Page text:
Brumfield said that if the state implemented a voucher system, which she warns against, the state would still use MAEP to determine how much money to grant each child, meaning that "educational choice" would not do away with MAEP.
Callen said that he can't determine whether the state is spending enough on public education currently "until we fix the other things that are more important to solving our education problem."
Since 1972, Mississippi has almost tripled its spending on public education, adjusted for inflation, while average ACT scores have remained stagnant. During that time, though, Mississippi was greatly underfunding many of its public schools, causing great disparity in the quality of education between classes and races.
While MAEP was designed with the intent to level the playing field, Callen said the formula needs to be reworked, regardless.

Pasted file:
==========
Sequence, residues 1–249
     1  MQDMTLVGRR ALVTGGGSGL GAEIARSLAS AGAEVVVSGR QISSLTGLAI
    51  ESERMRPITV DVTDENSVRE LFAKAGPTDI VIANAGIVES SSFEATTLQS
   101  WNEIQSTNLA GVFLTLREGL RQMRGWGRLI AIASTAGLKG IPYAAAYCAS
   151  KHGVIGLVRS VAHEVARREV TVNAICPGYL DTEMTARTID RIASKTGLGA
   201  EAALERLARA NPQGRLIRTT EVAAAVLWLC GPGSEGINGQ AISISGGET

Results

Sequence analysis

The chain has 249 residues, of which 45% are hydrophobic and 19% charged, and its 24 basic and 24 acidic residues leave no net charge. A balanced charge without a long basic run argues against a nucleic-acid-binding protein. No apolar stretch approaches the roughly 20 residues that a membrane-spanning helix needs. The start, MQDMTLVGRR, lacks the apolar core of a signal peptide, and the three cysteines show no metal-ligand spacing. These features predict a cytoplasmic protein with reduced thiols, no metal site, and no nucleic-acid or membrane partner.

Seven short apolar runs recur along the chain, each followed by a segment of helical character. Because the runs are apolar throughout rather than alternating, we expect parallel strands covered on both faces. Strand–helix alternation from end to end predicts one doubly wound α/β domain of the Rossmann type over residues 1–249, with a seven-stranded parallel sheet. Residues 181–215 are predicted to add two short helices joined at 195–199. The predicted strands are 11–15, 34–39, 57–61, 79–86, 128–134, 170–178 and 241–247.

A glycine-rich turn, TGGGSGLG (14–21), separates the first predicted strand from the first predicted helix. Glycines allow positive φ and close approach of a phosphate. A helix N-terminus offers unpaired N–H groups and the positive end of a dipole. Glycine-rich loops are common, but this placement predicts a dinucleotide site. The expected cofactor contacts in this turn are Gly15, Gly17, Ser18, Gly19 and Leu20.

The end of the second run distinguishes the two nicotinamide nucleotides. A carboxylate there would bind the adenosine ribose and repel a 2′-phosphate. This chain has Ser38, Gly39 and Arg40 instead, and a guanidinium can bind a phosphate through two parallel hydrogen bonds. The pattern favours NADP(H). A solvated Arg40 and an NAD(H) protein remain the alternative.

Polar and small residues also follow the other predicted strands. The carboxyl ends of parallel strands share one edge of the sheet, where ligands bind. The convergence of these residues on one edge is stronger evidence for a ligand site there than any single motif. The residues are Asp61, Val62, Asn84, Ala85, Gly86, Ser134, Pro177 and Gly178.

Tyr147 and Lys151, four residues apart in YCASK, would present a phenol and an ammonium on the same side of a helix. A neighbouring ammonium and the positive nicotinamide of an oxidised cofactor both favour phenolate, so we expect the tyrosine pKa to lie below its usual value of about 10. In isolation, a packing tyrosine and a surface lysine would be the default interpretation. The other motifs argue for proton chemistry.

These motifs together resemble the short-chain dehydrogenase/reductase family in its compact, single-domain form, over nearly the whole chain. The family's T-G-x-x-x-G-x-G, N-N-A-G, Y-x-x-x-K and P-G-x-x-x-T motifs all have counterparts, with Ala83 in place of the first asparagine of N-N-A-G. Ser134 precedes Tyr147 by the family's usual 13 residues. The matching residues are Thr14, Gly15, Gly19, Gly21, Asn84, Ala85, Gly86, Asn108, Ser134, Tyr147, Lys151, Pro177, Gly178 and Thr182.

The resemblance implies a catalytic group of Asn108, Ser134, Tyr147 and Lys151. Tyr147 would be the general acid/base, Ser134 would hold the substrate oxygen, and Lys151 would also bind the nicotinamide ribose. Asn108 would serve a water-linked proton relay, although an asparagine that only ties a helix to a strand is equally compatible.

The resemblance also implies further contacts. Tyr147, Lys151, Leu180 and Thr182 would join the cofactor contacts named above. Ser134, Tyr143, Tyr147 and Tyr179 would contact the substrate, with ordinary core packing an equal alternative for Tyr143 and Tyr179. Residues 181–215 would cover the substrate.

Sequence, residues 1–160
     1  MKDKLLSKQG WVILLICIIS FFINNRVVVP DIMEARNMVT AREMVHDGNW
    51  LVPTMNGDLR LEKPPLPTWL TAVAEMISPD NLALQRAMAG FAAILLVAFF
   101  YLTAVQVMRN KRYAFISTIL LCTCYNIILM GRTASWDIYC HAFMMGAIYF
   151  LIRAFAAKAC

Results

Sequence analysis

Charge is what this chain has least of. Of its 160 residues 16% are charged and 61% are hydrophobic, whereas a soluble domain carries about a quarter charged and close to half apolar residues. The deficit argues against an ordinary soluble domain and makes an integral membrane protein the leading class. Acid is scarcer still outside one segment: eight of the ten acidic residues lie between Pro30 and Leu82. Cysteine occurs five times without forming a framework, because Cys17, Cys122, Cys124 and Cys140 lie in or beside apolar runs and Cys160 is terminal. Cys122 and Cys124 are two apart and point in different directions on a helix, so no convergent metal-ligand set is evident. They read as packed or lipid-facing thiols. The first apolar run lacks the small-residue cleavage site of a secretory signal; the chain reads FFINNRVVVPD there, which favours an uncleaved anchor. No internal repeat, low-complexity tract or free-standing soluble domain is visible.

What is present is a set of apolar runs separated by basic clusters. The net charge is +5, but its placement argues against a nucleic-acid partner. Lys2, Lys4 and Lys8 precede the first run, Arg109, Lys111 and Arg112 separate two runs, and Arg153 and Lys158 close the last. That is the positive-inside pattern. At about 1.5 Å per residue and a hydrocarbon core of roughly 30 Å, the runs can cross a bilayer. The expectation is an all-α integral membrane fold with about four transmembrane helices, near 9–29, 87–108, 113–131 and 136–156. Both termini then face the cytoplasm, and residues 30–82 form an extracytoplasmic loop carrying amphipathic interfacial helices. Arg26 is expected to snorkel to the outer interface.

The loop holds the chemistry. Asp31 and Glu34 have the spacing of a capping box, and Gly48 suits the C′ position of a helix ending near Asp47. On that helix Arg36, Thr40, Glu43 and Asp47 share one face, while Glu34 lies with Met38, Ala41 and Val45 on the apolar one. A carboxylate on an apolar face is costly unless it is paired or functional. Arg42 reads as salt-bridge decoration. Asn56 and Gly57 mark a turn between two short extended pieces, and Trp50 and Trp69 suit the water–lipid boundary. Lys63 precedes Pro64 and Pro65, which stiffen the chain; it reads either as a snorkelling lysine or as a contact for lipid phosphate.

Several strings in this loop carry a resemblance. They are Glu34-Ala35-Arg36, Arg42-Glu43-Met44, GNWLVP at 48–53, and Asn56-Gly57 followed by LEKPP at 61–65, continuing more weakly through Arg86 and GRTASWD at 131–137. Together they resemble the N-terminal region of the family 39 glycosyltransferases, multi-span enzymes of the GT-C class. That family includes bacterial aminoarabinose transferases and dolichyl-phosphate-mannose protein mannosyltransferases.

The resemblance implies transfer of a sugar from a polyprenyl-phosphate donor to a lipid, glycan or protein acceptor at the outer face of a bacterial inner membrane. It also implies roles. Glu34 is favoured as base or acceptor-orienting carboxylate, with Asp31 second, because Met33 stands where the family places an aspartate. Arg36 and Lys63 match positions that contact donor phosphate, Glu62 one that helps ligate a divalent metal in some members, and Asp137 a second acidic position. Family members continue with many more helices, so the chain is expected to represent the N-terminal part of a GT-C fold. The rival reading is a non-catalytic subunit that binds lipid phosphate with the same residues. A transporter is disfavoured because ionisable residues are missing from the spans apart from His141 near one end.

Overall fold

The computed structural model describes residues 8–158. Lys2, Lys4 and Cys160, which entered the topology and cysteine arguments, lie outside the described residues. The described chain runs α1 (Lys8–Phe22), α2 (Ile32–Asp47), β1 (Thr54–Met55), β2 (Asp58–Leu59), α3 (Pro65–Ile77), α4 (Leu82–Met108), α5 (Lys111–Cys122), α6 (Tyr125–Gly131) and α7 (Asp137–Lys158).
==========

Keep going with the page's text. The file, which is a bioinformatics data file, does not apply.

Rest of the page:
The Formula Conundrum
An explanation of the MAEP formula.
Opponents of fully funding MAEP have argued since the beginning of Mississippi's fight over the public-education budget that the formula is faulty. They either don't like how the students are counted or believe the funds are being spent on excessive administration costs and not in classrooms.
State Auditor Stacey Pickering, a Republican, released a report Oct. 20 claiming that MAEP's current structure does not have mandates "in place to require districts to target funds to classrooms and students, nor does proper accountability exist in the current system to ensure that state taxpayer funds are spent on students and needed resources."
Pickering suggested the money is being spent on administrative costs, as opposed to on the students—a popular Republican argument against MAEP.